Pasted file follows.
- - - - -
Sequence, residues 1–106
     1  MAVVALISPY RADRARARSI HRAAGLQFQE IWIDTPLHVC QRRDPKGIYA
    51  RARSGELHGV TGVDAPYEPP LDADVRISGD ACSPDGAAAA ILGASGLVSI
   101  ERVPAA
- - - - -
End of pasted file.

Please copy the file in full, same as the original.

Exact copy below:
Sequence, residues 1–106
     1  MAVVALISPY RADRARARSI HRAAGLQFQE IWIDTPLHVC QRRDPKGIYA
    51  RARSGELHGV TGVDAPYEPP LDADVRISGD ACSPDGAAAA ILGASGLVSI
   101  ERVPAA